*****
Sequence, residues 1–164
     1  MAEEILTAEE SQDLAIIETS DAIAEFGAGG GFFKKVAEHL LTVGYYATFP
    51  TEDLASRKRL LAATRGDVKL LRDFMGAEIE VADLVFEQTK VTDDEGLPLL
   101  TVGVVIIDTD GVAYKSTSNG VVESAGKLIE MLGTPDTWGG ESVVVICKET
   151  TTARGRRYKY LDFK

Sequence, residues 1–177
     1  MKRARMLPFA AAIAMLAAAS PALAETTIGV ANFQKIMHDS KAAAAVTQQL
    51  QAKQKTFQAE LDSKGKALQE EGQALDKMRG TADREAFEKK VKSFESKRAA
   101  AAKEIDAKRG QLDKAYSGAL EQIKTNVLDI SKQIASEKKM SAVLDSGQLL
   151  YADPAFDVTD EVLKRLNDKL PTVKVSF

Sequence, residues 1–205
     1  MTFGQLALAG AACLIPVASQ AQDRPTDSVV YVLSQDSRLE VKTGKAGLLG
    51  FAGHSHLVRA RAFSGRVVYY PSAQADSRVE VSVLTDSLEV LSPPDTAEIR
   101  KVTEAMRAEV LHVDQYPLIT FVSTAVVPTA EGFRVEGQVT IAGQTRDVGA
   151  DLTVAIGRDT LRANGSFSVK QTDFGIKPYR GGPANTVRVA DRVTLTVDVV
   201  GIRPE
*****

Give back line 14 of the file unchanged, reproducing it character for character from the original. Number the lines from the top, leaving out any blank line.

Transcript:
   101  KVTEAMRAEV LHVDQYPLIT FVSTAVVPTA EGFRVEGQVT IAGQTRDVGA